1. I’m a pretty fair chess player and one of the things I’ve learned is that it is easy to misjudge the strength of your moves against a weak opponent. In post-game analysis, I often find that my moves were not as brilliant as I thought they were when I played them. It was just that my opponents were not strong enough to find the flaws in my thinking.

        I would like to see an argument for historicity from someone who understands that a fact can be relevant even if it’s not dispositive and who understands that you cannot have greater certainty about a conclusion than you have about a premise.


    2. I’m particularly tired of discussions about the Jesus passages in Josephus and Tacitus. How many gallons of ink have been spilled over these two historians’ brief paragraphs about what Christians believed?

      It’s almost as if they’re doing it to distract us.

      1. If there is a good argument for historicity, I suspect it will lie in some broadly observable phenomenon, such as the way that Jesus gets more supernatural with successive gospels. Perhaps this might support an argument for extrapolating back to a purely human original.

        One question that occurred to me while reading Galatians was why Paul didn’t didn’t just break away from the apostles in Jerusalem given the fact that he thought so little of them and he seemed to be doing fine on his own. Peter seems to have some clout which Paul never really explains. Does the fact that the various factions held together as well as they did make more sense with Peter knowing a historical Jesus rather than everyone simply experiencing a visionary Christ?

        I don’t know whether there is anything in these arguments and I certainly don’t have the expertise to analyse them, but I can imagine finding such an argument persuasive. Of course, I am never going to see it made by the kind of historicist who thinks the question is settled by the fact that Paul met Jesus’ biological brother.

        1. For what it’s worth in this context, Aviezer Tucker, Our Knowledge of the Past: A Philosophy of Historiography, has a chapter discussing the Bayesian theorem as a formal way of describing what historians do when evaluating evidence in terms of hypotheses:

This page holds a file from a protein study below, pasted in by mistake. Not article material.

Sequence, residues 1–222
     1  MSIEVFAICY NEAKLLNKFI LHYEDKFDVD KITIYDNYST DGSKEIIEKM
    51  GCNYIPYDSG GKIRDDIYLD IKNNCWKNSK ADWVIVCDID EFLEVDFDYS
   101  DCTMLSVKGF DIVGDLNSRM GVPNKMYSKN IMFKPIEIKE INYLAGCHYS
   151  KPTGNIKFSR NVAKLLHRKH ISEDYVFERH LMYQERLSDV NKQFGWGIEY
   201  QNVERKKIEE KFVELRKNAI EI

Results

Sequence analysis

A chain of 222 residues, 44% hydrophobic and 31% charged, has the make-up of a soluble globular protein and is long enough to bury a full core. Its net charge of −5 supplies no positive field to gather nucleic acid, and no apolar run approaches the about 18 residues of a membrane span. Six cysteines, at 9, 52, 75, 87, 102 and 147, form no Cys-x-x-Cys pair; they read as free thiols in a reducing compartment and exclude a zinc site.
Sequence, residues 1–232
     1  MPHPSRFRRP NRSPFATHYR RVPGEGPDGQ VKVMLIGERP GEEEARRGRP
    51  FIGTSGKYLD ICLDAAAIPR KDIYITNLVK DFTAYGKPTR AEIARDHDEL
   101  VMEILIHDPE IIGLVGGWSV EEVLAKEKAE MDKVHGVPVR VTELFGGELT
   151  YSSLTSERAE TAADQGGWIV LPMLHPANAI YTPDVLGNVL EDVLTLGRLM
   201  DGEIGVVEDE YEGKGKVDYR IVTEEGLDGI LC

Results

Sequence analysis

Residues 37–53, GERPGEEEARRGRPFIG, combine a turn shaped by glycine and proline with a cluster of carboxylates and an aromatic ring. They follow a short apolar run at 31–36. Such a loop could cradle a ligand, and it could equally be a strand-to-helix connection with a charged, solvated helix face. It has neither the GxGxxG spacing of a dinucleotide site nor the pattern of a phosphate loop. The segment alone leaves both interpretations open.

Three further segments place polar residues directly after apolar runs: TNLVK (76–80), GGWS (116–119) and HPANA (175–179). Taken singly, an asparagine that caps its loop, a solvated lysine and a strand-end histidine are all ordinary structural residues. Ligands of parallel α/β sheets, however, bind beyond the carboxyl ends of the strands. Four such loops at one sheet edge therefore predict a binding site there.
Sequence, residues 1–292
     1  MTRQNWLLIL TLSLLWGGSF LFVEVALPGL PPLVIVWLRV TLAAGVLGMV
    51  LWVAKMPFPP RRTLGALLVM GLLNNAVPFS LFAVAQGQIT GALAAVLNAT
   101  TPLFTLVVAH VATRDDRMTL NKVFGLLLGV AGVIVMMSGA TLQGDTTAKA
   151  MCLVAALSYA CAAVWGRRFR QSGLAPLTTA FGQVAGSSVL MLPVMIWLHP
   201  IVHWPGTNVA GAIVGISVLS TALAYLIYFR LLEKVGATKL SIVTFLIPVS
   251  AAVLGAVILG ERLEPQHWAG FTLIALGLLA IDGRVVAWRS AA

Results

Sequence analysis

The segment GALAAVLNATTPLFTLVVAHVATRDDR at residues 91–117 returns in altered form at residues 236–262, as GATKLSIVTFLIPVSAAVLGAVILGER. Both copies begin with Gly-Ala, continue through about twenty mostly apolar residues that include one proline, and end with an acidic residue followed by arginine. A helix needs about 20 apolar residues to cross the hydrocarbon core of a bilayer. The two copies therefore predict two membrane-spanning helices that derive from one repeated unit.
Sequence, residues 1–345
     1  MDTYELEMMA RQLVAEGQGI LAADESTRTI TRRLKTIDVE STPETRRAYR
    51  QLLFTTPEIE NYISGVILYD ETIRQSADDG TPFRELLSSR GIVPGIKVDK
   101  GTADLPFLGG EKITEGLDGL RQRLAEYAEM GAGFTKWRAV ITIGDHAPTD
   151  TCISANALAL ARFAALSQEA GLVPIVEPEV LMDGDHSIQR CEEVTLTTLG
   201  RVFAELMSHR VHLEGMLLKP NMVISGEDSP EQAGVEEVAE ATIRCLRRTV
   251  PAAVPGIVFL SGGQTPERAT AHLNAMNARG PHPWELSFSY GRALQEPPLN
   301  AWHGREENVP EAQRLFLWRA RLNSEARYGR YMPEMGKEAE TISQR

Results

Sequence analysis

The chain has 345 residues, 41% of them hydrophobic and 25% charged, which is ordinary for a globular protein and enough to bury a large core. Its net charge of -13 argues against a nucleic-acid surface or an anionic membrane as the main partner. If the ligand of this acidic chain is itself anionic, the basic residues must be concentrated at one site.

To what degree does a piece of evidence contribute or not to the confirmation of a hypothesis, given background conditions? The Bayesian theorem purports to state formally the relation between a particular piece of evidence and a hypothesis, the degree of probability the evidence confers upon the hypothesis. (p. 96)

          Tucker is quite independent from Carrier, and I think Carrier even said he wished he had known of Tucker’s book when writing his own.

        2. Well speaking of James that Paul (or whoever wrote Galatians) identifies as “the brother of the Lord,” he is also identified by the same writer as one of the Three Pillars of the Church along with John and Cephas / Peter. Now with an historical Jesus, one would think that the Three Pillars mentioned in Galatians were one and the same with the inner circle of the three disciples closest to Jesus according to the Synoptic Gospels: Peter, James and John — the latter two being sons of Zebedee. Clearly, if James mentioned by Paul was the brother of Jesus then to me, somebody dropped the ball and Mark, Matthew and Luke never heard of it. Luke goes so far as to have James son of Zebedee dispatched by the Jews in Acts 12, leaving James the Lesser (=son of Alphaeus) and the unidentified brothers of Jesus. Worse, the James who is the head of or a higher-up in the Jerusalem Church, Luke does NOT identify as the brother of Jesus!

Leave a Comment

Your email address will not be published. Required fields are marked *

This site uses Akismet to reduce spam. Learn how your comment data is processed.

Discover more from Vridar

Subscribe now to keep reading and get access to the full archive.

Continue reading